Whether it’s Charlie Christian drawing inspiration from tenor giant Lester Young, or John McLaughlin channeling the spirit of John Coltrane, guitarists of all stripes have been infatuated by the endlessly inventive improvisations and tonal complexity of modern saxophone masters. However, the guitar is obviously a lot different from a saxophone. To get anywhere near that ideal with a plank of wood and six strings is a Herculean task, because guitarists don’t have the steady stream of wind that a horn player uses to nimbly deliver lines that dance across measures with an Astaire-like grace. And then there’s the tone—guys like Cannonball Adderley and Charlie Parker produced some of the most expressive, organic timbres you’re ever going to hear from any instrument.

Well, Allan Holdsworth not only mastered horn-like phrasing and tone, but he managed to do it whether he used Gibsons, Fenders, Charvels, Steinbergers, tube amps, or solid-state amps. And, unlike many other players seeking bell-like sounds, Holdsworth didn’t plug an archtop into a Polytone and call it a day. He copped his horn timbres by using distortion—which he hates, by the way—and tremolo bars, and by avoiding picked notes. By sheer force of will, Holdsworth created one of the most identifiable guitar voices in modern music. That, my friends, is why he’s a bad-ass of the highest order—and we’re only talking about his solo tone.

Beginning with his 1982 release, I.O.U., Holdsworth introduced an otherworldly chordal style that relied on tightly- clustered intervals and expansive voicings that was previously unheard of. His instructional book, Reaching for the Uncommon Chord, is essential food for any guitarist looking to move beyond the norm. The guy is a giant.

His latest album, All Night Wrong [Favored Nations], was recorded live to stereo at Tokyo, Japan’s Roppongi Pit Inn. And even though Holdsworth hates live recordings, there is no better setting to hear a modern master at work.

You’re not a big fan of live records. Why?
Well, I have a problem known as “red-light fever.” If I know the gig is being recorded, I’ll just fall apart. Couple that with the fact there are hundreds of bootlegs of my gigs out there, so it’s like, why bother? Also, I kind of believe that a live show is an event that’s only meant to be experienced by the people who happened to be there at that point in time.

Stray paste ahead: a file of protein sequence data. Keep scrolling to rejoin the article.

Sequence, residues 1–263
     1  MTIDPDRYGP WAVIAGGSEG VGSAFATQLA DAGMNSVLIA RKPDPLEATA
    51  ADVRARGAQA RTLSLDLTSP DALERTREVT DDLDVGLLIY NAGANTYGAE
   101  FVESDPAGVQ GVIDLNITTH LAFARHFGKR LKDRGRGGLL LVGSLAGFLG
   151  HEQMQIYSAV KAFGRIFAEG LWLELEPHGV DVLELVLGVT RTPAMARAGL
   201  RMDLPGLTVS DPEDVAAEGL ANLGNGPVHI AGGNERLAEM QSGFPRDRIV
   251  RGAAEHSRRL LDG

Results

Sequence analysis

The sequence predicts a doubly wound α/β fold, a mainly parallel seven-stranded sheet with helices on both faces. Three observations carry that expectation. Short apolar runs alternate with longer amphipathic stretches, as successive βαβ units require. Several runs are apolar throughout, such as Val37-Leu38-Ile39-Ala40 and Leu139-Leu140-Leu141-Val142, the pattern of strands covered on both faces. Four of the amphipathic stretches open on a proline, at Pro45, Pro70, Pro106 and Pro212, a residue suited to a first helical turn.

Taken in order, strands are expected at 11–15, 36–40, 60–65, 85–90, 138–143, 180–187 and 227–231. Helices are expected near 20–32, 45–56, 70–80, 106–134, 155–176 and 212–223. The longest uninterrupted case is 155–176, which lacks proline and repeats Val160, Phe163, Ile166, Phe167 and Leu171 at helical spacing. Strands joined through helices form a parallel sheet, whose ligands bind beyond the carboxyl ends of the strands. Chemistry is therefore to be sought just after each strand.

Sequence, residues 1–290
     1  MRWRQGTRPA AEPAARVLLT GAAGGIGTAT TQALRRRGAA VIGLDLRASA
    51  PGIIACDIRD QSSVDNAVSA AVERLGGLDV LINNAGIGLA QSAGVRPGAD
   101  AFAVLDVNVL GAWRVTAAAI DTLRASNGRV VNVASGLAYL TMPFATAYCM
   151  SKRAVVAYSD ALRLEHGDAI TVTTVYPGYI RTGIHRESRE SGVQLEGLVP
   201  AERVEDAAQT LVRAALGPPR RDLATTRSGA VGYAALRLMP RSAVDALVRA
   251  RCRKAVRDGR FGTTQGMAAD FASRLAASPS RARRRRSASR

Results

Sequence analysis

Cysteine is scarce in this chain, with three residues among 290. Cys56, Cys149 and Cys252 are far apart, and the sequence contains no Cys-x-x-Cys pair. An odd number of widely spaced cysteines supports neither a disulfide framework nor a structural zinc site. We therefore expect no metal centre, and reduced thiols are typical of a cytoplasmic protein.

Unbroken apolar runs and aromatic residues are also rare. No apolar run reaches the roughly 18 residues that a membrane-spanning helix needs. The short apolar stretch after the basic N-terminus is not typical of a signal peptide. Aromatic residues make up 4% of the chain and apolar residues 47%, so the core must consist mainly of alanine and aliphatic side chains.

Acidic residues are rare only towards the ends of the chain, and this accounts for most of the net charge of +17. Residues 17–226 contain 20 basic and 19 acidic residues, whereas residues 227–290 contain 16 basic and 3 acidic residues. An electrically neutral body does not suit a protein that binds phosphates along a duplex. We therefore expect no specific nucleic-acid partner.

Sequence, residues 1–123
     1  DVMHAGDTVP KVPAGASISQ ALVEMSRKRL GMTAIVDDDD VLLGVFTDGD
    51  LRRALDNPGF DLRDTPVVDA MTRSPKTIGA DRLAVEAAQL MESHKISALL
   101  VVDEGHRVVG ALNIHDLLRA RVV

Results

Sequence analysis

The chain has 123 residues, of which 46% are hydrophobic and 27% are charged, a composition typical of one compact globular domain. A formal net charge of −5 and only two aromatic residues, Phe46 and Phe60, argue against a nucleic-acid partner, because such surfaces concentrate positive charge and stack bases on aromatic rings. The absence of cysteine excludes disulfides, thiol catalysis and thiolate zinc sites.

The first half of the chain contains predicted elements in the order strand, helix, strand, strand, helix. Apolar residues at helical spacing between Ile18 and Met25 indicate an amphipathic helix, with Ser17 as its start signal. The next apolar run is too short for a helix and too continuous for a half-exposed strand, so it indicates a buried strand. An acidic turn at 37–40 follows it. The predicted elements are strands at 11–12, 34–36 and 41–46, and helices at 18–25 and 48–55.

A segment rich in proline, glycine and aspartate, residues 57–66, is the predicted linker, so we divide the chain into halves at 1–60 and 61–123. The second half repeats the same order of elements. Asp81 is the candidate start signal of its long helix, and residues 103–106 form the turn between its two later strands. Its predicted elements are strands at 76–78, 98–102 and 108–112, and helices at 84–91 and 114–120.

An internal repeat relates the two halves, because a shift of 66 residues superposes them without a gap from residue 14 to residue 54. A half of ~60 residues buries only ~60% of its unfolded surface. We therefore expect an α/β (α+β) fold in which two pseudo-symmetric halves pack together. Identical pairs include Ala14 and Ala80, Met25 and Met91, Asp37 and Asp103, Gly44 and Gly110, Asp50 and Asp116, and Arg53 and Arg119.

Did you record multiple shows?
We were going to record two nights. But, unfortunately—and much to my horror—when we returned the second night, the engineers had torn all the mics down. I don’t know if they were paranoid about them being stolen or what, but I’ve worked in studios where people have been fired for moving mics. We thought about setting them up again, but I just lost it and said, “Forget it.”

Is there anything you do before a gig to put yourself in the best headspace to improvise?
There are two things, but they’re not always easy to do. I like talking to the fans, but, before the gig, I start thinking more about their concerns, rather than my own. I can’t empty my head. So if it’s possible, I’ll go to a corner café and hide. Then, I won’t have to talk to anyone. The other thing I like to do is to put my hands in a bowl of hot water. I used to just sit and play the guitar before I went on, but I’d find myself falling into all these patterns and things I didn’t want to play. So rather than predicting any particular motion with my fingers during warm up exercises, I’ll just wiggle them in hot water until they’re loose. I also like the way the water makes my skin feel. The moisture gets into my skin, and I can grab the strings better.

Do you ever get into prolonged ruts?
Oh, yeah. I hit a dry spell when I was going through some personal stuff over the past four years, but that affected my composing more than my soloing. I felt my improvising during that time was okay, and I’d occasionally hear stuff that I’d never played before. But to compose, I have to sit down with a guitar and focus, and when things aren’t as I want them, it’s very easy to get scatterbrained and drift from one thing to another—which results in a cycle of non-productivity.

I’ve never heard you cite any compositional influences.
Most of them are classical composers such as Ravel, Debussy, Stravinsky, Copland, and Bartok—particularly his string quartets. I still can’t listen to Debussy’s “Clair de Lune” because, if I do, I’ll cry [laughs]. I can’t get past the first two bars. It’s really weird, man. It tears me up. What I took from those guys was how their tunes make me feel in my heart. It’s about the emotion, rather than what the piece actually is. I think that’s because I want to be influenced, which is a whole lot different than trying to work out precisely what someone is doing.

Do you hear solo lines in your head before you play them?